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Juan Carlos Cremata Malberti,
Iraida Malberti Cabrera
Malú Tarrau Broche,
Luisa María Jiménez Rodríquez
Gustavo is a young Havana Communist who believes in the revolution; he hopes for a scholarship to study aeronautical engineering in Prague. But his faith in the new Cuba is tested: his father, a psychiatrist, can make four times as much playing piano at a hotel for foreigners; his sweetheart, Yolanda, wants a career as a dancer and longs for the riches of Miami; his younger brother Bobby simply wants to play rock music, and as a result is in constant trouble with the authorities. When Bobby takes a shocking step of revolt and Gustavo is refused service at a foreigners-only bar, the contradictions in his resolve to become a "new man" push him to the breaking point. Written by
This film sets out to be nothing more than a crass criticism of Cuba's Communist state, with the plot strung along by a tepid and saccharine romance. There's really no artistic vision here - most of the direction is trying to be "classic", but then you get "heady" bursts of realism with some wobbly camera-work during a protest march. The soundtrack's not bad, some of the acting's pretty good, but everything in the film is designed to be easy to watch, and keep you just engaged enough so you can learn about how terrible Castro is.
And this criticism isn't to deny that the regime has its problems. I can't claim any direct knowledge of Cuba, but I am aware of the oppression, and the poverty. But this film doesn't want to explore any of these issues. Why is Cuba prostituting itself (literally) to foreign capital? Well the American embargo would have had its crushing effects on Cuba's economy long before if it hadn't been for the Soviet subsidy. It *is* far more damaging, if you're going to have a tourist industry, to have an apartheid system in an attempt to stop the tourist economy "polluting" your political system, but what drove Cuba to its reliance on tourism in the first place? And what really gets me about this film is they're clearly looking to America for liberation. Did everyone forget that America propped up Batista, under which the Cubans were not only unfree but starving? Oh yeah, the USA's got a great track record of bringing freedom to Latin America - Pinochet in Chile, the contras in Nicaragua. And even its liberation of Panama came after propping up the vicious dictatorship of Torrijos then Noriega for 30-odd years. And what does it say about America that impoverished Cuba has higher literacy rates and comparable life expectancy? Cubans enjoy health care which the 40 million impoverished Americans who can't afford health insurance can only dream of.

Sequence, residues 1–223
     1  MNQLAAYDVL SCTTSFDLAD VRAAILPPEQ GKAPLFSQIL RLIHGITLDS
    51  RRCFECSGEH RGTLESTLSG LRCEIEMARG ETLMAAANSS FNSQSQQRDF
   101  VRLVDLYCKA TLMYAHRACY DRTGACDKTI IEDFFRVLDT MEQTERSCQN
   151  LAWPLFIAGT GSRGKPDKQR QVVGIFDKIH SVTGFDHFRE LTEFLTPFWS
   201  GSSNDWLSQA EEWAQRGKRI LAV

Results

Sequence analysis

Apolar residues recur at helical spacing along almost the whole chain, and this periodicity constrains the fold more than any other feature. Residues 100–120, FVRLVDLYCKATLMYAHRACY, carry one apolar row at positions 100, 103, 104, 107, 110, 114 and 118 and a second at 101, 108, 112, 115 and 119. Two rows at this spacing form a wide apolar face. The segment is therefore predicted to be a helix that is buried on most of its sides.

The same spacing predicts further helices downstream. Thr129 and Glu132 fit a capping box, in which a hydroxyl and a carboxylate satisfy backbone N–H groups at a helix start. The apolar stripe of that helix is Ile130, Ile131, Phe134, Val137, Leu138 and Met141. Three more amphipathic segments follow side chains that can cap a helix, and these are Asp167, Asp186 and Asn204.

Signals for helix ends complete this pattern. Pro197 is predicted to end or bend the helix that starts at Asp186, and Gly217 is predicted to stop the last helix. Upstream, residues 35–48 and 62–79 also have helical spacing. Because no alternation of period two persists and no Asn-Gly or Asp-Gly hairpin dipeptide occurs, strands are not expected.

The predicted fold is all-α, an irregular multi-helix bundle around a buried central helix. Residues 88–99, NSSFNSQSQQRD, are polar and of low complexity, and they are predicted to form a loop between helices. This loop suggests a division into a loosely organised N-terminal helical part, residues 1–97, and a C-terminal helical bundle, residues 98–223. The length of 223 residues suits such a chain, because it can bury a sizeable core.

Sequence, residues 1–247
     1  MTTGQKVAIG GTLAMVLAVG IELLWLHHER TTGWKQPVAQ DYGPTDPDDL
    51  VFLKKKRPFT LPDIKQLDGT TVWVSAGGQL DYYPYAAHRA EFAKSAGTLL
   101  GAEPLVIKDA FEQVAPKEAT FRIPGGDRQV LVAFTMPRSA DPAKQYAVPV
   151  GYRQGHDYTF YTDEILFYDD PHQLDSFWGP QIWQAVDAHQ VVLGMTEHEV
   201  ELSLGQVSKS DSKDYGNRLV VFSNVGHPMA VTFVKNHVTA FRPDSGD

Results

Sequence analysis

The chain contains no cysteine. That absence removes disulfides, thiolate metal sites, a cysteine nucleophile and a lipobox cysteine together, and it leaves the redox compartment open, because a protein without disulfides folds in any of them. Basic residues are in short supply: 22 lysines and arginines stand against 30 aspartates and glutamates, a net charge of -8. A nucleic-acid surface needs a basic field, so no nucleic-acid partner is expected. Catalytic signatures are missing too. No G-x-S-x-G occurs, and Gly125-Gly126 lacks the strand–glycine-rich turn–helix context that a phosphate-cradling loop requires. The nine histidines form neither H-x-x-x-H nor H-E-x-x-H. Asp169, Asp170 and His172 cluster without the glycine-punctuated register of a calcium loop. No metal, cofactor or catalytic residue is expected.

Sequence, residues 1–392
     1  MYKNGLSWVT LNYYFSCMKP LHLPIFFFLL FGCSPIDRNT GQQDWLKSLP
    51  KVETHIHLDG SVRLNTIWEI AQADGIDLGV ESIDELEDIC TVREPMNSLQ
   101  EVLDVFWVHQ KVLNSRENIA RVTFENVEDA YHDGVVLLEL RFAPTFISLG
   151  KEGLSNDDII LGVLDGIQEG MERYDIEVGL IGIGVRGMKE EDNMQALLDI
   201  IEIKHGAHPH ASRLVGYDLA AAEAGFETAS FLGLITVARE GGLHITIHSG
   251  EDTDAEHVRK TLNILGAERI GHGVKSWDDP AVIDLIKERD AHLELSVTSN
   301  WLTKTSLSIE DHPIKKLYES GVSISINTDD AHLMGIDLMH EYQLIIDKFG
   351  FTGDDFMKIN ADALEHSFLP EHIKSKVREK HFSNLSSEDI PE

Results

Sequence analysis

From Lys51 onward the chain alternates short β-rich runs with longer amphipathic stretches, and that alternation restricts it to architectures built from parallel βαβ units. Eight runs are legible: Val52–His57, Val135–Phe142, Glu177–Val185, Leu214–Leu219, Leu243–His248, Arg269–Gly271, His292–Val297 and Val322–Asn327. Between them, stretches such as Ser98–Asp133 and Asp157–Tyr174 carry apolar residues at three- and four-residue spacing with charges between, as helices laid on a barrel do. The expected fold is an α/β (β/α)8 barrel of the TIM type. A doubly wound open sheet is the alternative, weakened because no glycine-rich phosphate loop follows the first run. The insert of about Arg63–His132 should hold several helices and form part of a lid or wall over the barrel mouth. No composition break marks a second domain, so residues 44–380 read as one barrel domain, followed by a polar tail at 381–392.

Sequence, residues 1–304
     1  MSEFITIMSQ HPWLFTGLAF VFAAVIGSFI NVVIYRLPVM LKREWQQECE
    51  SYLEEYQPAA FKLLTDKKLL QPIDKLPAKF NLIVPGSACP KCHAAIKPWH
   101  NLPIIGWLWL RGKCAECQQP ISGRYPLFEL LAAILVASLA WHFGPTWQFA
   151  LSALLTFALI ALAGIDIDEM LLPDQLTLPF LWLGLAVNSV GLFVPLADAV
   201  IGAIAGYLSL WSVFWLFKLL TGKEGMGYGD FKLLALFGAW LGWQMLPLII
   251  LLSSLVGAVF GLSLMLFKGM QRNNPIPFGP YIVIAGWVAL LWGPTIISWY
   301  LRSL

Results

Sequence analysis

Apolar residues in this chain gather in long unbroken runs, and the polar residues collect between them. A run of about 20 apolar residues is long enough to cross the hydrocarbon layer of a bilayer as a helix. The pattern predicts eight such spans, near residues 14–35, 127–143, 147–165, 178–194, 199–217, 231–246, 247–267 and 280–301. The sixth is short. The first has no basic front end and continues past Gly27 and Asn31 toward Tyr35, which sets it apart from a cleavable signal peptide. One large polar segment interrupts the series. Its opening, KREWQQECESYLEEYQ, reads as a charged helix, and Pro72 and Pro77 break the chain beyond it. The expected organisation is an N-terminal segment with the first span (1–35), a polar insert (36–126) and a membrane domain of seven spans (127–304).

The film addressed none of these issues, and it's not that I mind a film taking a position, how can it not? But give your viewer some credit, don't just expect them to swallow it whole. Just showing particularly extreme manifestations of protest doesn't automatically win your case. This is a Miami-Cuban's caricature of modern Cuba, scribbled in 5 minutes. You think for the effort they've put in it could be something more substantial.
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